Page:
The Social Life of Radiation
2010 ought to have marked a watershed in our collective understanding of nuclearisation in India. The death of Rajendra Prasad, a scrap-metal worker in Delhi, was the first time since 1998 that the national mass media carried sustained coverage about nuclear radiation and its effects. An astounding fact for a nation that claims to be the world’s new, democratic, nuclear power.
Prasad was a scrapyard worker in the Mayapuri market who happened to be in a group that broke open a piece of equipment in search of metal. At its core was an unfamiliar substance which was handed over to the scrapyard owner. The latter, unsure of its worth, stored it away. Very soon, however, they were all to be among 8 people who were hospitalised, at least 6 of them for over 20 days. Prasad died an agonising death through multiple organ failure at the end of that time.
Too important to be public
The ignorance of Prasad and his co-workers reveals one of the key aspects of the social base of Indian democracy. The careful insulation of certain elements of state policy from any public life at all. In the 12 years since India has tested nuclear weapons, there is shockingly little sense that Indians as a whole have grown more aware of the ramifications of nuclearisation.
Successive governments have chosen to talk about nuclear issues in one of two ways. They are presented either as having ‘raised’ India’s profile to that of a superpower or as a success of our home-grown scientific establishment. Apart from these two celebratory chords the, Indian nuclear legitimation sitar has also predictably maintained a more doleful drone about regional (read Pakistani) threats. We are told that we are now a great power to be taken seriously and that we have (successfully) tested a range of missiles and other nuclear-capable vehicles. Along the way, at least one Defence minister has reminded all of us on the subcontinent that India could, “take a bomb or two more but when we respond there will be no Pakistan.” In this endeavour, the media too has danced faithfully to the alternately celebratory and alarmist cadences of the state. All of this ‘hardheaded’ (a favourite adjective) and ‘mature’ talk is designed to make us leave nuclear issues to the experts and not identify them as a legitimate arena for social questioning.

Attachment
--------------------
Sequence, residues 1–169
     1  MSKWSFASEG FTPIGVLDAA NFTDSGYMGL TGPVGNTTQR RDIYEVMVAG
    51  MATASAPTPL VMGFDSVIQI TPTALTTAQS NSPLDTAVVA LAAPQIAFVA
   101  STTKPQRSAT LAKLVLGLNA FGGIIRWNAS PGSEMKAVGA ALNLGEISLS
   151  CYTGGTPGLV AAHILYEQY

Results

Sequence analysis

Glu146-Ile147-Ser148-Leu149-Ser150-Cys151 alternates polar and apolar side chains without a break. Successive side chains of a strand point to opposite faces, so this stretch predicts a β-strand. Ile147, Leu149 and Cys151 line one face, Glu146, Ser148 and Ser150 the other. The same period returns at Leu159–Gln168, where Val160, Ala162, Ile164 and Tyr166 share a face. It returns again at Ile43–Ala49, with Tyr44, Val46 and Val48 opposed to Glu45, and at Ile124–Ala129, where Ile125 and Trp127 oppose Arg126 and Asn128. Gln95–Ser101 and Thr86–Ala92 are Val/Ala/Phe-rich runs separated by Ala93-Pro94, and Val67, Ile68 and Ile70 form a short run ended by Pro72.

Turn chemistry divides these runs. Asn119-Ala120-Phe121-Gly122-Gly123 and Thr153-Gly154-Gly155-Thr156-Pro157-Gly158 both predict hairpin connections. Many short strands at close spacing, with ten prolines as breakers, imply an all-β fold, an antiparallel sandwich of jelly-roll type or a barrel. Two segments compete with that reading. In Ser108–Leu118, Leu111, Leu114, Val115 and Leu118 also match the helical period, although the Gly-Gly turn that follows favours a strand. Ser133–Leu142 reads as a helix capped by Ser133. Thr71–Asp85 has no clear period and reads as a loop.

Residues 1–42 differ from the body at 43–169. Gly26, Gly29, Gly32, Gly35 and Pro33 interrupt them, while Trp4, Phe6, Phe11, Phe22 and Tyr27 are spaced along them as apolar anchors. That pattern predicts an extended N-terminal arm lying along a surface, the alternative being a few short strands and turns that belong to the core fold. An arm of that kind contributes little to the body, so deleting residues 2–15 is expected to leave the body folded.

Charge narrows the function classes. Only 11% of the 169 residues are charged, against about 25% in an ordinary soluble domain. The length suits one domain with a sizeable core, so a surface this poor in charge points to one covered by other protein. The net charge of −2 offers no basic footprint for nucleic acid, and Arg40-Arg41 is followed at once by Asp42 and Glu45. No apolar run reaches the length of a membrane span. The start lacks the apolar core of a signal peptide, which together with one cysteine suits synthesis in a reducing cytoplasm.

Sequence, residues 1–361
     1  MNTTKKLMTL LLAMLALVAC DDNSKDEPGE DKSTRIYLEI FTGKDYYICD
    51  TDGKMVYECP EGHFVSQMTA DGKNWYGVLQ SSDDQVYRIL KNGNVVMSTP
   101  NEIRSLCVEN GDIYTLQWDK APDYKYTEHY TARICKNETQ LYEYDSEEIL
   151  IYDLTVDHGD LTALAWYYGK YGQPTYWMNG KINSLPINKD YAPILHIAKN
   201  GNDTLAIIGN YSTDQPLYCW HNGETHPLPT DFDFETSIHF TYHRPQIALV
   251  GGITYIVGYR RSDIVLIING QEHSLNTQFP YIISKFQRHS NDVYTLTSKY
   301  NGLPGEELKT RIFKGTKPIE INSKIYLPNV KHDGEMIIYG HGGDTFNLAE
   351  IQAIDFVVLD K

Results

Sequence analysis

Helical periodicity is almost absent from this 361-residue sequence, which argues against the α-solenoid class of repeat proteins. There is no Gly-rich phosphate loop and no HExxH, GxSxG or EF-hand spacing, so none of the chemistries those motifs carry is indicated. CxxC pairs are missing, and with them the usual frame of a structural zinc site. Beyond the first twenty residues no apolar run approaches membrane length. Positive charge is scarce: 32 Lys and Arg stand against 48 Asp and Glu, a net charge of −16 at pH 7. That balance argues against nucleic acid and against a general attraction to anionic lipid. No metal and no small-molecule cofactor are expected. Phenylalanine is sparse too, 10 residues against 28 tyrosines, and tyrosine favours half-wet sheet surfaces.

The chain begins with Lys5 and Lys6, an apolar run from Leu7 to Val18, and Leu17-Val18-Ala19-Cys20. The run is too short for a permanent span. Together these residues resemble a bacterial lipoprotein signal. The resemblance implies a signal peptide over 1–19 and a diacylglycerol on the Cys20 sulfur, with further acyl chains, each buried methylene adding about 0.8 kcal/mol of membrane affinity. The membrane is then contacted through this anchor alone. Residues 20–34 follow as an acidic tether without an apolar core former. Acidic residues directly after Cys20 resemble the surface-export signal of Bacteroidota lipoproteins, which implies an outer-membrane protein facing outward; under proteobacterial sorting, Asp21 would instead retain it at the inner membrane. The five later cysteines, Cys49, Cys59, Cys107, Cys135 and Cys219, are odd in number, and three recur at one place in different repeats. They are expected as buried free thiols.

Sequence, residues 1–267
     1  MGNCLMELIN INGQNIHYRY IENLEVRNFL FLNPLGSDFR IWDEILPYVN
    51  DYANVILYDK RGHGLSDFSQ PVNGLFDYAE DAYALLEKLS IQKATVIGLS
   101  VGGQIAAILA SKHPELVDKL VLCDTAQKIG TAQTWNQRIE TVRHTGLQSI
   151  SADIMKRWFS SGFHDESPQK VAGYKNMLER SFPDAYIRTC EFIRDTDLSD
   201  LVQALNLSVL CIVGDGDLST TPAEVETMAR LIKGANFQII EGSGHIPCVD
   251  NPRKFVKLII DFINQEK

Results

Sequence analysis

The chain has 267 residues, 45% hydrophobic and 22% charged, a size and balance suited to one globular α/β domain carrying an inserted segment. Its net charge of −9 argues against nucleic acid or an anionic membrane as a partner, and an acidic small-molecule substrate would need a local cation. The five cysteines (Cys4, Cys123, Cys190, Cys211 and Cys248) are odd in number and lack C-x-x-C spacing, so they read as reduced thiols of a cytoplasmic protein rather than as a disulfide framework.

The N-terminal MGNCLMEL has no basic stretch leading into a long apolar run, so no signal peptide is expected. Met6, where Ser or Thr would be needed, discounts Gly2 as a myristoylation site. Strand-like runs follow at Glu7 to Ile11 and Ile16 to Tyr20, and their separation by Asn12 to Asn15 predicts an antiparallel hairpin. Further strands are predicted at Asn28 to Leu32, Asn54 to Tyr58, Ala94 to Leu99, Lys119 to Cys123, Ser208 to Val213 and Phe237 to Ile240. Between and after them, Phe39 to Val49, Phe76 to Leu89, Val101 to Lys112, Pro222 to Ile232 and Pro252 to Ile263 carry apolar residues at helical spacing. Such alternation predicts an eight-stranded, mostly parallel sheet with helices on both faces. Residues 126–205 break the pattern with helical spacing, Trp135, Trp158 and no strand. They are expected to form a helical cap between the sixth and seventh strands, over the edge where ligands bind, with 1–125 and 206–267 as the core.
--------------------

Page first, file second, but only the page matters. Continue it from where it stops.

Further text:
Even more chilling, however, than the success of what the state has been able to speak, is what it has been able to stay silent about. One of the most significant of these silences has been about the question of radiation. The aplomb with which the citizenry of a nuclear-capable nation in the midst of an ongoing arms race is able to think of nuclear weapons as just a bigger version of a conventional bomb, is truly remarkable. This is the really big success of the nuclear establishment of India – its ability to obscure the inherent moral evil of nuclear weapons and nuclear deterrence. The silence on the effects of radiation is just one aspect of this much larger diversion.
Inequality and Radiation
But Prasad’s death also laid bare another aspect of the social life of radiation in India. Though it is deemed worthy of discussion and direction only among the elite, its victims have invariably been among the poor. The state of affairs in communities around power plants in Rawatbhata and mining activities in Jharkhand has been swept under the carpet for many years. A study conducted by the Indian Doctors for Peace and Development in 2007 found that the rates of cancer, miscarriages, stillbirths and congenital deformations in the vicinity of the Jaduguda uranium mines are each well above what was found in control villages 30 kms away. The cause is persistent exposure to low-grade radiation as a result of the worst uranium mining practices anywhere in the world. As the scientist M.V. Ramana has pointed out, workers in Indian nuclear power plants have also been routinely exposed to higher-than permitted doses of radiation during the course of work.1 There are people whose lives have been tragically affected and even cut-short by radiation. Yet, the atomic establishment has consistently refused to conduct baseline studies of health in areas surrounding new facilities that it has proposed, or to commission independent studies of radiation effects around existing ones. The fact that it took an event in Delhi to put radiation into the national imagination reveals much about inequalities in India.
The nuclear establishment in India has over the entire course of its existence been unaccountable, secretive and inefficient. The fact that it is able to continue to do so is testament to the fundamentally un-democratic nature of the nuclear establishment in its conjoined military and civil avatars. As Itty Abraham has pointed out, part of the reason for this is the historical construction of the nuclear public sphere as the exclusive domain of a narrow strategic community.2 In this, nuclear discourse represents the distilled essence of the undemocratic strands of the Indian polity, with almost none of the mitigating freedoms that are visible in other arenas. A more aware and engaged “atomic public”, however, is necessary if the subcontinent is to avoid being the site of the next nuclear nightmare.
2Itty Abraham, South Asian Cultures of the Bomb